I still refuse to go to movies, symphonies and plays with them, and they can't afford to go it I don't pay - so they don't go and I get told that I am 'denying the kids culture in their lives because I am too selfish' for refusing to inflict the kids ( who have still not been taught to shut up during a performance at 8, 11 and 18) on other folks.   

 As far as culture snobs: my music teacher is the worst. He teaches, actively , that fiddler players can never be as good as symphony players, even if they have a Master's in Music Performance "because if they were actually good, they would not be playing fiddle" - and that they "are always out of tune" and more.  I am telling you if there were another teacher willing to take on adults in my town, I would move, but there's only him in reasonable driving distance.
 

CrazyDaffodilLady

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Re: Special Snowflake Stories
« Reply #23364 on: September 08, 2013, 04:11:59 PM »
I sang with a symphony chorus for many years.  There were conductors who would stop in the middle of a piece and refuse to continue if there was a screaming child or other disturbance in the audience. 

On the other hand, there was one conductor who was both a musical genius and a genuinely good person.  The orchestra was performing at a community memorial event.  Tickets were cheap, and it was promoted as a family event.  In the middle of the New World Symphony, a baby started crying in the balcony.  The conductor looked into the balcony and smiled beatifically.  He proceeded to make the child's crying part of the piece.  It added a great deal of meaning to the music, making the audience truly consider the emotions embodied in the work.  If Dvorak could've written a crying baby into the piece, I believe he would have done so.
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Coralreef

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Re: Special Snowflake Stories
« Reply #23365 on: September 08, 2013, 07:35:45 PM »
There's a common misconception that snakes are slimy, like worms.  I think that Diane meant to force-feed the person who introduced that misconception into the popular collective the vegetation, not snakes!

Actually, I found the texture of the snake to be like my kitchen linoleum... smooth, cool, little bumps and dips.   ;D 

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Thipu1

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Re: Special Snowflake Stories
« Reply #23366 on: September 08, 2013, 07:41:38 PM »
There's a common misconception that snakes are slimy, like worms.  I think that Diane meant to force-feed the person who introduced that misconception into the popular collective the vegetation, not snakes!

Ah, thank you. That changes it from "horribly cruel" to "plain stupid," which is less upsetting and more amusing.

Slimy snakes? I'd never heard that one before. The closest I can think of is a kid at work telling me that alligators are smooth and crocodiles are bumpy. Oh, and that only one of them is able to smile.
D'awww.

Oh, yes.  Many people think that snakes are slimy.  That isn't at all true.  A healthy snake feels like cool velvet.  I love to lightly pat a snake any chance I get. 

Jocelyn

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Re: Special Snowflake Stories
« Reply #23367 on: September 08, 2013, 08:39:53 PM »


Sorry, maybe I missed something. Who on earth would think a snake is slimy?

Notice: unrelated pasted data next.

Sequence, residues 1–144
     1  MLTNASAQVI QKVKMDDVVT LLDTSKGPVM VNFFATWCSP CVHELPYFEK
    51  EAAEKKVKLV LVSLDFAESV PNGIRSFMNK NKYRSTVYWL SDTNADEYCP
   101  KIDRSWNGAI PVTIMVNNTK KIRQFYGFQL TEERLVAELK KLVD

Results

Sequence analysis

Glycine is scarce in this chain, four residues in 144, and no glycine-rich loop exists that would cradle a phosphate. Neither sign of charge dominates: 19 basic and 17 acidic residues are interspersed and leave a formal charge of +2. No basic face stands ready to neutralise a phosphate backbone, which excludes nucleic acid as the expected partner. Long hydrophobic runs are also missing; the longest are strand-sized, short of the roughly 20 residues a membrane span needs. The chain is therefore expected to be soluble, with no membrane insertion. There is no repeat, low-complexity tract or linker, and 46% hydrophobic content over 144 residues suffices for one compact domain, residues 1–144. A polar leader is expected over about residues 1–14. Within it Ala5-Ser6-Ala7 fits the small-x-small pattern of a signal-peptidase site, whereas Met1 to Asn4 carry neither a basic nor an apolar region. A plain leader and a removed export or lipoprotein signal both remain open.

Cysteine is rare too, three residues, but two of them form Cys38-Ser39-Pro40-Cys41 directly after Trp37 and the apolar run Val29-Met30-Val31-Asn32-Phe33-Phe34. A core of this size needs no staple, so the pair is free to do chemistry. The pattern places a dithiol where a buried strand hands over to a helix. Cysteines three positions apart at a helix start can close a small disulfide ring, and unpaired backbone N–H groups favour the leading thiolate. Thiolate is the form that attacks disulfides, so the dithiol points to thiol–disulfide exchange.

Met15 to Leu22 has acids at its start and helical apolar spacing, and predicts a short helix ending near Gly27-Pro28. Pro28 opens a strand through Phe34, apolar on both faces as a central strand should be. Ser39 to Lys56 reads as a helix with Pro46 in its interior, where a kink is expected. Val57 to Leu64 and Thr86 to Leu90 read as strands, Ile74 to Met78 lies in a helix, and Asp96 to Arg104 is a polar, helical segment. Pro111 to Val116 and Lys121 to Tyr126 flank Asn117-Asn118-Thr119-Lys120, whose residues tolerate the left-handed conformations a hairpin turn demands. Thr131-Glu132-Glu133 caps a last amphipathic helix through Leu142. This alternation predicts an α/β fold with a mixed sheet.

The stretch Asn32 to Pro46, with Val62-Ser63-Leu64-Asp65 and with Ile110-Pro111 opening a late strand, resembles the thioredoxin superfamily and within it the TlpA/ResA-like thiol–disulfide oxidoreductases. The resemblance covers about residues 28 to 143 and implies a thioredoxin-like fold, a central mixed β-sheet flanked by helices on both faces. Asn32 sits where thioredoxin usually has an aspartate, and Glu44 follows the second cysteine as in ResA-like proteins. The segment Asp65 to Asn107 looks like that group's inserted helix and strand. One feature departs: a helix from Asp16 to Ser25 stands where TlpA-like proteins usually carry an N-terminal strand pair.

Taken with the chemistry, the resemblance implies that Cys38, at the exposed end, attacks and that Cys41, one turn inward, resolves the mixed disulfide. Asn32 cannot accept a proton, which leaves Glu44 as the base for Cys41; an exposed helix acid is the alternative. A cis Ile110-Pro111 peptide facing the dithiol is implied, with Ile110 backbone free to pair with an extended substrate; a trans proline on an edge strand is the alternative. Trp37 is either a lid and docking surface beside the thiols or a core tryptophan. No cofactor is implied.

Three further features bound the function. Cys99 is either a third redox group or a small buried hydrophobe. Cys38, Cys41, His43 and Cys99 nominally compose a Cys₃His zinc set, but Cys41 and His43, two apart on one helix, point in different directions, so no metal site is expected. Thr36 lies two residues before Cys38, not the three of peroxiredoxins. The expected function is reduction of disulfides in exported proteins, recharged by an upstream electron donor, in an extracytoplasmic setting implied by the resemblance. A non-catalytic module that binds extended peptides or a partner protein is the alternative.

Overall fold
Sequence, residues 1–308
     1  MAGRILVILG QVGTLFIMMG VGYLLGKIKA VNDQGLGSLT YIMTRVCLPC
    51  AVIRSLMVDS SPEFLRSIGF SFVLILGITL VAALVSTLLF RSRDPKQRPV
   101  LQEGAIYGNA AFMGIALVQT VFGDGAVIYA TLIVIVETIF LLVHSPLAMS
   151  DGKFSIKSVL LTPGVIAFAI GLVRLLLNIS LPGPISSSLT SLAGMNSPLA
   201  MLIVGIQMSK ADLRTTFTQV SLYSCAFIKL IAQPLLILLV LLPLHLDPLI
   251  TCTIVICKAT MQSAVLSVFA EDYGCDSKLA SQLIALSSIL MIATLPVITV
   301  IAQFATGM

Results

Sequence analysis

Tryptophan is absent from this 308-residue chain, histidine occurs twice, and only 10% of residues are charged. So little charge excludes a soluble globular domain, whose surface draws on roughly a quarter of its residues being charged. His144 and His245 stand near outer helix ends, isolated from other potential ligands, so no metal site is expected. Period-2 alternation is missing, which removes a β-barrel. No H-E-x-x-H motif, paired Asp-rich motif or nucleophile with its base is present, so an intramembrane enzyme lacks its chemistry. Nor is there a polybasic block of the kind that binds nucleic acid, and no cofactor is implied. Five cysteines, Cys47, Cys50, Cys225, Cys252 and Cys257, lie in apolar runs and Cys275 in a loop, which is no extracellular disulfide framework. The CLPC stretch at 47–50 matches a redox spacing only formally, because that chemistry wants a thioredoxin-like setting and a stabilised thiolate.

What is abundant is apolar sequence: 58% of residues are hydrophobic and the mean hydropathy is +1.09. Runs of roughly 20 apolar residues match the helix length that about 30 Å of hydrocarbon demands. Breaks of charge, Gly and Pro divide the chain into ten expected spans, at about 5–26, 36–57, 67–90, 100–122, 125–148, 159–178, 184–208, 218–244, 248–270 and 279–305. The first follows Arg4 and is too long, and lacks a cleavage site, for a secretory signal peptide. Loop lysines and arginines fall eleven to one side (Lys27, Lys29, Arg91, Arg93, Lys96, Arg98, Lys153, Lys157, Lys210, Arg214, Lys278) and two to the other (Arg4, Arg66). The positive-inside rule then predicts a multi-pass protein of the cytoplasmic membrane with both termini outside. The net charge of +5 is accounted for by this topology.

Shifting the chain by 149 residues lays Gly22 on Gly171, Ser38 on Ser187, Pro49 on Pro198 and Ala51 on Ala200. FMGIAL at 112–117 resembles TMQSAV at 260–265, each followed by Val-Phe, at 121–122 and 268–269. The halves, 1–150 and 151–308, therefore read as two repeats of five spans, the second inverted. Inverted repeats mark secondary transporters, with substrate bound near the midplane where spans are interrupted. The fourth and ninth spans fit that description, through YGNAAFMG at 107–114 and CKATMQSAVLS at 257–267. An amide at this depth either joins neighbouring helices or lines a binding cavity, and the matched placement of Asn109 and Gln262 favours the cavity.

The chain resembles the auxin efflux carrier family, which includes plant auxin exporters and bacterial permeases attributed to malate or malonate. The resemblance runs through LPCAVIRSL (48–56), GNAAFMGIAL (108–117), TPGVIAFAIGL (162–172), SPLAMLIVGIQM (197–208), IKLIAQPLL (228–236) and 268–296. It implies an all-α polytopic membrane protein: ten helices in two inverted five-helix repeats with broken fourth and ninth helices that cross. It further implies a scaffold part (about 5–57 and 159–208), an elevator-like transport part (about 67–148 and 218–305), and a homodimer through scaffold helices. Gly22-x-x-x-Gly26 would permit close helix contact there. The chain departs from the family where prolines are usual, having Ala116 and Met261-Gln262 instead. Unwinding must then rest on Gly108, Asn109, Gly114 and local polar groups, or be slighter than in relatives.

I think it's because some people think snakes are repulsive, and slimy things are repulsive, therefore...
I know in my brain that snakes are not slimy or clammy, but I still have to remind myself of that fact before I handle one. I don't know where I got the idea, aside from the fact that my father has a snake phobia.  But I just can't handle a snake as effortlessly as I pet a cat or dog.

Piratelvr1121

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Re: Special Snowflake Stories
« Reply #23368 on: September 08, 2013, 09:08:03 PM »
Regarding culture, I often see on fbook people who live in the area whining that there's no culture in this town.   In fact before I moved I contacted a college aquaintance to let her know I was moving to her hometown and she said "I ought to let you know, there's a shortage of the culture in that town that you've probably gotten used to having there..."

Well I get here and in the past 3 1/2 years we've lived here, I can't say this area lacks for culture.  We have the Western Maryland Blues Fest, Augtoberfest, we had a multicultural day, and in addition to that we also have a small local theater, heck we even have an arts school and two art museums in the park.  They're small, granted, and not to the same scale as the Smithsonian but it's still culture.  And in the summer there's a concert fest at the band shell in the park. 

And when we have the cultural events, where are the folks who whine about lack of culture? In their homes, on fbook, whining about the noise and all the cars parked on the streets.   ::)
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Elfmama

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Re: Special Snowflake Stories
« Reply #23369 on: September 08, 2013, 09:29:18 PM »
Regarding culture, I often see on fbook people who live in the area whining that there's no culture in this town.   In fact before I moved I contacted a college aquaintance to let her know I was moving to her hometown and she said "I ought to let you know, there's a shortage of the culture in that town that you've probably gotten used to having there..."
You're not that far from either Baltimore or DC, too.  What, an hour's drive? Kennedy Performing Arts Center, Baltimore Symphony Orchestra, Broadway Across America, Walters Art Museum, the Smithsonian museums....